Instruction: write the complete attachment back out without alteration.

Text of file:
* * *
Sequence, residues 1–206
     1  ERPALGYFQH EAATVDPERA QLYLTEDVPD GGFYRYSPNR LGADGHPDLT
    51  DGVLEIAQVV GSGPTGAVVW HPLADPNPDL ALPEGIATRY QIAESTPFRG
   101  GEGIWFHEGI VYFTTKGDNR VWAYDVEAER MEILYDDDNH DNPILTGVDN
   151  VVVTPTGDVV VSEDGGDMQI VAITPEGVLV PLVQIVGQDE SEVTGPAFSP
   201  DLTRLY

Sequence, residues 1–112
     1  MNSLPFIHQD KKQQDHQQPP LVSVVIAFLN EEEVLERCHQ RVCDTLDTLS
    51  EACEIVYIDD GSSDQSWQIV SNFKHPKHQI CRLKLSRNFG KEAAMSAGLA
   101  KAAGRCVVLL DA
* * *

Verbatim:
Sequence, residues 1–206
     1  ERPALGYFQH EAATVDPERA QLYLTEDVPD GGFYRYSPNR LGADGHPDLT
    51  DGVLEIAQVV GSGPTGAVVW HPLADPNPDL ALPEGIATRY QIAESTPFRG
   101  GEGIWFHEGI VYFTTKGDNR VWAYDVEAER MEILYDDDNH DNPILTGVDN
   151  VVVTPTGDVV VSEDGGDMQI VAITPEGVLV PLVQIVGQDE SEVTGPAFSP
   201  DLTRLY

Sequence, residues 1–112
     1  MNSLPFIHQD KKQQDHQQPP LVSVVIAFLN EEEVLERCHQ RVCDTLDTLS
    51  EACEIVYIDD GSSDQSWQIV SNFKHPKHQI CRLKLSRNFG KEAAMSAGLA
   101  KAAGRCVVLL DA